If $T$ is self-adjoint on finite dimensional vector space $V$, then $\text{det} (T-tI_{V})$ splits over $\mathbb{R}$.

I would like to know "why"?

Notice: here we use this Lemma for proving the diagonalization theorem or another form of spectral theorem for self-adjoint operators, so we need a direct proof as @RobertLewis provided.


Suppose $T$ is linear transformation on $V$. $T$ is a self-adjoint operator if and only if there exists an orthonormal basis such that $[T]_{\beta}$ is diagonal.


($\Rightarrow$) $T$ is self-adjoint. Then, $\text{det} (T-tI_{V})$ splits over $\mathbb{R}$. Then, by Schur theorem there exists an orthonormal basis $\beta$ such that $[T]_{\beta}$ is uppertriangular. We have: $[T]_\beta = ([T]_{\beta})^{*}$. Hence, $[T]_{\beta}$ is diagonal.


It is clear that we use the above Lemma to prove this theorem not conversely!

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    $\begingroup$ Spectral theorem $\endgroup$ – user223391 Nov 7 '17 at 6:24
  • $\begingroup$ @ZacharySelk: we use this Lemma to prove the spectral theorem about self-adjoint operators NOT conversly. $\endgroup$ – Amin Nov 8 '17 at 1:41

The eigenvalues of a self-adjoint operator such as $T$ are all real: if

$T v = \lambda v, \tag 1$


$\lambda \langle v, v \rangle = \langle v, \lambda v \rangle = \langle v, Tv \rangle, \tag 2$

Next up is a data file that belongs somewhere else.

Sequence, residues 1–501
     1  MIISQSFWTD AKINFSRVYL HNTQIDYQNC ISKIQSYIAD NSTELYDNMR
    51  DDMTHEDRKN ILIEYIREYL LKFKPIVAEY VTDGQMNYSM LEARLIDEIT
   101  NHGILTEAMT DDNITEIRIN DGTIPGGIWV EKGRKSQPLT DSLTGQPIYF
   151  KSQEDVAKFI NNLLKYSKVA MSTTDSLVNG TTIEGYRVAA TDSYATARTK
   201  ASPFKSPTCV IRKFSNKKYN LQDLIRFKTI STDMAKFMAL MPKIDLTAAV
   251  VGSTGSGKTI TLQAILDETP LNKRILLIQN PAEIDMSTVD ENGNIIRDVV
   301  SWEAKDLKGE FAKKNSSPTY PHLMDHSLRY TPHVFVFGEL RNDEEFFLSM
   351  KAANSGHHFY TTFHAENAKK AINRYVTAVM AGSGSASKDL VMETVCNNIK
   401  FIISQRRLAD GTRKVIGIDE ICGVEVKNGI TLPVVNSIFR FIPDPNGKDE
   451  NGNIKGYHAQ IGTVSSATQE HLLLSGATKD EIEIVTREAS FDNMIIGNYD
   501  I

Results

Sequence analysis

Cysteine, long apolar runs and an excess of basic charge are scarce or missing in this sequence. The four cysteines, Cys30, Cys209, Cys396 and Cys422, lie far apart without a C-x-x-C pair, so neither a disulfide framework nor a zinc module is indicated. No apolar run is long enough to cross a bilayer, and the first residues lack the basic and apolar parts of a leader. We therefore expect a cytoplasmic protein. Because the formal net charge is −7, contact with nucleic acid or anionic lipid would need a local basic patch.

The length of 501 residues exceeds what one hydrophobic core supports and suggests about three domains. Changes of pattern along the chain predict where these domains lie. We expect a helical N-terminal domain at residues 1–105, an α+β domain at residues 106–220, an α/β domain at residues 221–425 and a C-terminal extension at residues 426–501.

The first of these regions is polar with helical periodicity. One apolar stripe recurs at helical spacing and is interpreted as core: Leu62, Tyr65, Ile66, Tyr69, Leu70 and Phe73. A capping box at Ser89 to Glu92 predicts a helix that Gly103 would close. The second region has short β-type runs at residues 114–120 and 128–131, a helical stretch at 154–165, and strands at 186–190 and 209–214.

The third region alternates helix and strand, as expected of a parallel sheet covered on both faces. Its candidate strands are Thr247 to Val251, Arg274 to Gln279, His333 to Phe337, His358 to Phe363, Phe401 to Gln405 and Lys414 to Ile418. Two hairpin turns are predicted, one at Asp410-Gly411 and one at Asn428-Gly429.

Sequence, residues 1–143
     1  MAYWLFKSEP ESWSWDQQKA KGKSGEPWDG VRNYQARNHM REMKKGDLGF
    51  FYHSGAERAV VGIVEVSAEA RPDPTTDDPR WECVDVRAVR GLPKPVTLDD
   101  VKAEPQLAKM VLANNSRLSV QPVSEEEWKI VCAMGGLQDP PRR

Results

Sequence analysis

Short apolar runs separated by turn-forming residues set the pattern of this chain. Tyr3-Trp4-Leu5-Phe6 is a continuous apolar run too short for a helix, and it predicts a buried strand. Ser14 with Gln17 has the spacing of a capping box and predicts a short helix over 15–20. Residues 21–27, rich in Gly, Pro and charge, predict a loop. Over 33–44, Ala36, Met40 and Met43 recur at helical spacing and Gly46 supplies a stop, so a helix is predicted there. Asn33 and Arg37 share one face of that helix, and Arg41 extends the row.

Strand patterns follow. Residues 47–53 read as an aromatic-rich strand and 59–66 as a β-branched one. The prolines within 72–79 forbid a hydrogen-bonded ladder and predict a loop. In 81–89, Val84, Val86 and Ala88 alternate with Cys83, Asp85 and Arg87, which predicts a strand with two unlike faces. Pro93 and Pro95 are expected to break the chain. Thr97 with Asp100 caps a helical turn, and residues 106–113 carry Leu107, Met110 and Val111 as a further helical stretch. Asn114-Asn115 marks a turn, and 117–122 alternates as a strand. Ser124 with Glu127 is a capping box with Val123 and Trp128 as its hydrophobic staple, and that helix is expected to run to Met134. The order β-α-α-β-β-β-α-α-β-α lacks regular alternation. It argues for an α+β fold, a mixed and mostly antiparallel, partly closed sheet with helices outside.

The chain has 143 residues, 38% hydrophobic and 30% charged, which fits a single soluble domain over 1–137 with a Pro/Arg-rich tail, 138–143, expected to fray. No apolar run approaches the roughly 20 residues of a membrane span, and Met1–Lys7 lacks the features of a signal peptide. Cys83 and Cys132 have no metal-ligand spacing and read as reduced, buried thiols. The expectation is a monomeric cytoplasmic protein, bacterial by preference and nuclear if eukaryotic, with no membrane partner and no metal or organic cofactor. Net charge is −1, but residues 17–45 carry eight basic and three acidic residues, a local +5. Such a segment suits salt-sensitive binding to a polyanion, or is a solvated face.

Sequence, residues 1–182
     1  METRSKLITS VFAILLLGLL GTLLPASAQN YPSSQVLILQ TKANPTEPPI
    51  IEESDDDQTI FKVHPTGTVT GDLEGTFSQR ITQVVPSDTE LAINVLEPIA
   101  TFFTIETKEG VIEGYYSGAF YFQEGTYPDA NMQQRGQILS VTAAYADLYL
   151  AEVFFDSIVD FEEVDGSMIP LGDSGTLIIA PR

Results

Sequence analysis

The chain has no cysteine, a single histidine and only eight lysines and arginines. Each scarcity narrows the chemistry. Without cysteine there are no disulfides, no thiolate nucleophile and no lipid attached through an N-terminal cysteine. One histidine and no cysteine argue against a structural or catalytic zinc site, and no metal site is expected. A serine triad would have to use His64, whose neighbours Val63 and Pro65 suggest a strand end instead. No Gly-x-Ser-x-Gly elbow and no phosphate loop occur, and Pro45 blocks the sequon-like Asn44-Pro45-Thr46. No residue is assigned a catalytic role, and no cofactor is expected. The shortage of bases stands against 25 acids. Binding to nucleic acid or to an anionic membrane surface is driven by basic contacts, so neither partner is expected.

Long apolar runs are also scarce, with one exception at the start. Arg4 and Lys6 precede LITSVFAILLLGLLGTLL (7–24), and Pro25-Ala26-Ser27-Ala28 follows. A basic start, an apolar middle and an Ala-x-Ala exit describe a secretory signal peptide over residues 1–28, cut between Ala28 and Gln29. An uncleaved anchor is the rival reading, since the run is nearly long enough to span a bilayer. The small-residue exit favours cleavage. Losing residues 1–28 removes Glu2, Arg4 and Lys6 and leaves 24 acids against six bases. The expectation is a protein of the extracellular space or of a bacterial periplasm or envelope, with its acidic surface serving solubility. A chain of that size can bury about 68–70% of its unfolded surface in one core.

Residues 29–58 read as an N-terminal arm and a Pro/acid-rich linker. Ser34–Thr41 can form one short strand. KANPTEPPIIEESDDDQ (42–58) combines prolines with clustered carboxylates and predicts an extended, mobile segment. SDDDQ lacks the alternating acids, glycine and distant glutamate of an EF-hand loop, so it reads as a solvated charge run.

$\bar \lambda \langle v, v \rangle = \overline{\langle v, Tv \rangle} = \langle Tv, v \rangle = \langle v, T^\dagger v \rangle = \langle v, Tv \rangle = \lambda \langle v, v \rangle, \tag 3$

whence, since $\langle v, v \rangle \ne 0$,

$\bar \lambda = \lambda \in \Bbb R. \tag 4$

Since the eigenvalues $\lambda_i \in \Bbb R$ of $T$ are the roots of the $\deg(\dim V)$ polynomial

$p_T(t) = \det(T - t I_V), \tag 5$

we have

$p_T(t) = \det(T - tI_V) = \displaystyle \prod_1^{\dim V}(\lambda_i - t), \tag 6$

i.e, $p_T(t)$ is the product of $\dim V$ linear factors $\lambda_i - t \in \Bbb R[t]$; thus $p_T(t)$ splits in $\Bbb R[t]$, that is, over $\Bbb R$.

The "why" is essentially that $T = T^\dagger$ forces all $\dim V$ of the $\lambda_i \in \Bbb R$, leading to one real factor $\lambda_i - t$ for each of the $\dim V$ eigenvalues.

Note: The assumption that $\dim V < \infty$ is used to affirm the existence of $p_T(t) = \det(t - t I_V)$. End of Note.

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    $\begingroup$ Thanks @RobertLewis. I did not pay attention to the equation (6)! $\endgroup$ – Amin Nov 7 '17 at 6:59
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    $\begingroup$ My pleasure, sir! $\endgroup$ – Robert Lewis Nov 7 '17 at 7:04

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